Many of the retirement referral decisions came within the framework of getting rid of the old loyalties of the late Intelligence Chief Omar Suleiman and his two successors, Morad Mwafi and Raafat Shehata. Some others were due to disagreements between the General Intelligence and the Military Intelligence services because of their overlap in fighting terrorism in North Sinai, and some of them were because of the work of some leaders from the “General Intelligence” to get rid of al-Sisi.

The struggle for control over the contracting and business sectors between the army on one hand and the General Intelligence on the other, is an important reason for the overthrow of some officials in General Intelligence. Since the 2013 coup, several decisions have paved the way for the military to take control of state projects by direct order, with the removal of any rivals such as the General Intelligence and the companies under its jurisdiction. This angered the leaders of the General Intelligence, whose interests have been harmed by the military’s quest to capture the economy.

The General Intelligence leaders did not stand idly by, trying more than once to embarrass al-Sisi or to get rid of him. In late 2014, opposition channels broadcast audio recordings from al-Sisi’s office, when he was defence minister, forging documents relating to the whereabouts of former President Mohamed Morsi, days after his ouster.

Following the leaks, al-Sisi fired his friend Tuhami from the General Intelligence Agency and appointed Major General Khaled Fawzi, prompting some to believe that the agency’s leaders gave the opposition channels these recordings to embarrass al-Sisi.

In early 2018, al-Sisi made a surprise decision to dismiss Khaled Fawzi, and appoint his office director and right arm, Major General Abbas Kamel, as director of the agency. It is believed that the reason for the overthrow is the communication of leaders from the General Intelligence with former Chief of Staff Lt. Gen. Sami Anan, and former Prime Minister Lt. Gen. Ahmed Shafiq, to ​​encourage them to run in the presidential elections and get rid of al-Sisi.

Although Major General Abbas Kamel, al-Sisi’s right-hand man, and Brigadier General Mahmoud al-Sisi, the president’s son, are currently in charge of the General Intelligence, it is still believed that there are leaders in the agency seeking to get rid of al-Sisi. They are believed to be the ones who encouraged the businessman Mohamed Ali to reveal the extent of corruption, his family and military leaders are embroiled in and are encouraging demonstrations against al-Sisi to pressure the military to agree to get rid of him.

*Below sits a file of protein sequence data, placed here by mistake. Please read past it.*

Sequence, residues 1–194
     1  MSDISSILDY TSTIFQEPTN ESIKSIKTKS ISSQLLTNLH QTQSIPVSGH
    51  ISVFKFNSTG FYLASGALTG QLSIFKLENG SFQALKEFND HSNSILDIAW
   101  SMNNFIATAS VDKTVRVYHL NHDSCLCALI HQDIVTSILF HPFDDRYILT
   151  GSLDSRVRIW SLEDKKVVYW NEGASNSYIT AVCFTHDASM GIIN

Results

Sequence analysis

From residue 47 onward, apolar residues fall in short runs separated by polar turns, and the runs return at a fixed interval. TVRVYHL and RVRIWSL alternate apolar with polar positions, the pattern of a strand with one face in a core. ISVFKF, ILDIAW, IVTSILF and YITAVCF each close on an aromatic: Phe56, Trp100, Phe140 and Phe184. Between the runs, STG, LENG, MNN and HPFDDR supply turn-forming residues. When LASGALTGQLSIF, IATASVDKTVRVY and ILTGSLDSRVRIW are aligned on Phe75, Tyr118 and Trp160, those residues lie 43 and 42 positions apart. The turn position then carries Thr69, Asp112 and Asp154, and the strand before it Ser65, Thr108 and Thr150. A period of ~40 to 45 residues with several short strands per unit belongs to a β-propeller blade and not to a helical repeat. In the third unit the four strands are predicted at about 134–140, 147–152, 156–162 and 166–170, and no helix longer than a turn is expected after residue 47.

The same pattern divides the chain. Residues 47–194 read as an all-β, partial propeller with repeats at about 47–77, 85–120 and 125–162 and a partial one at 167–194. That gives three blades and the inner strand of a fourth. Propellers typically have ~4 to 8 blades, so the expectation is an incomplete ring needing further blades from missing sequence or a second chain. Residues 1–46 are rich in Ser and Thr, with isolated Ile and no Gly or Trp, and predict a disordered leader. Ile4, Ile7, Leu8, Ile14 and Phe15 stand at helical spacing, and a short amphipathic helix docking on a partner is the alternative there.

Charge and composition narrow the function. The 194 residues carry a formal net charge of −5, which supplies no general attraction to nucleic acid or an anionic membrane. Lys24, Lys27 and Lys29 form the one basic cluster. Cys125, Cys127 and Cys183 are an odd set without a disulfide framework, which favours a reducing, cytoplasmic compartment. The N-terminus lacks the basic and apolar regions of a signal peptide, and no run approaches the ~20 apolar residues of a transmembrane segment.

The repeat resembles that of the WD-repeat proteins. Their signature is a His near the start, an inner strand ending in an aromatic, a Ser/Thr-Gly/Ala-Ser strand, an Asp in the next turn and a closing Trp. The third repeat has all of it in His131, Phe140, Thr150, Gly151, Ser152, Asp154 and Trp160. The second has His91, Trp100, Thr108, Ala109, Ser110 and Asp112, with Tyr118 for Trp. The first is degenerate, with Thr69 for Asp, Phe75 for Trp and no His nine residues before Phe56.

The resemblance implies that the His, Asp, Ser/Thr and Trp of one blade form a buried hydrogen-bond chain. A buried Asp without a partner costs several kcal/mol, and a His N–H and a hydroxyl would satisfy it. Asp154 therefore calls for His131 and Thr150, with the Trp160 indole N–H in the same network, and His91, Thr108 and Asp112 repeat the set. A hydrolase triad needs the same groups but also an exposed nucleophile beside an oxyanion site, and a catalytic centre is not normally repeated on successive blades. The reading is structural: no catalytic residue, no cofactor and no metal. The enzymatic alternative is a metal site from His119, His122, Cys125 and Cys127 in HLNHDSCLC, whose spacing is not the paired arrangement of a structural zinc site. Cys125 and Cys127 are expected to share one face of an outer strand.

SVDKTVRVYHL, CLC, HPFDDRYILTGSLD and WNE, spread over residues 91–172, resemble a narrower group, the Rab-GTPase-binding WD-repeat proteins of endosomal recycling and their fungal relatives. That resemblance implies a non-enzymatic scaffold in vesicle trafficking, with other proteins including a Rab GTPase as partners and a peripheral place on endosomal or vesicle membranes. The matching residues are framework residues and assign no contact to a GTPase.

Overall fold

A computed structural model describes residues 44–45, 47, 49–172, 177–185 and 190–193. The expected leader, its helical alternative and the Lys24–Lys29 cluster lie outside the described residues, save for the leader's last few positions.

Army commanders are not a single-hearted unity

Since 2015, there has been talk of tension between army commanders and President al-Sisi, after al-Sisi chaired meetings of the Supreme Council of the Armed Forces (SCAF), although the constitution stipulates that the Defence Minister (Sedki Sobhy at the time) is the chairman. These conversations were confirmed after al-Sisi visited the army forces in North Sinai in the absence of Defence Minister Sedki Sobhy and the commander of the Sinai military area Osama Askar.

The agreement to demarcate the maritime boundary between Egypt and Saudi Arabia, under which Egypt ceded the islands of Tiran and Sanafir, stirred up controversy within the Supreme Command of the Armed Forces. According to military and government sources, Defence Minister Sedki Sobhy refused to sign the agreement to transfer the islands of Tiran and Sanafir to Saudi sovereignty, as well as the Chief of Staff General Mahmoud Hijazi who also held meetings with senior Saudi officials to discuss details of the completion of the transfer of Tiran Island to Saudi Arabia.

During the past few years, President al-Sisi has dismissed most of the military leaders who participated along with him in the overthrow of former President Mohamed Morsi, starting with Chief of Staff General Hijazi, who was dismissed suddenly and humiliatingly amid reports that al-Sisi’s had marginalised him. Defence Minister Sedki Sobhy was also fired suddenly in the middle of last year.

Although al-Sisi has eliminated most of the leaders he believes may one day oppose him, there is believed to be leaders in the military dissatisfied with President al-Sisi’s style of state management and control of all keys to the government in Egypt, which poses a threat to the Egyptian state. These leaders are believed to support the current demonstrations and may see them as a safe way to get rid of al-Sisi under popular cover.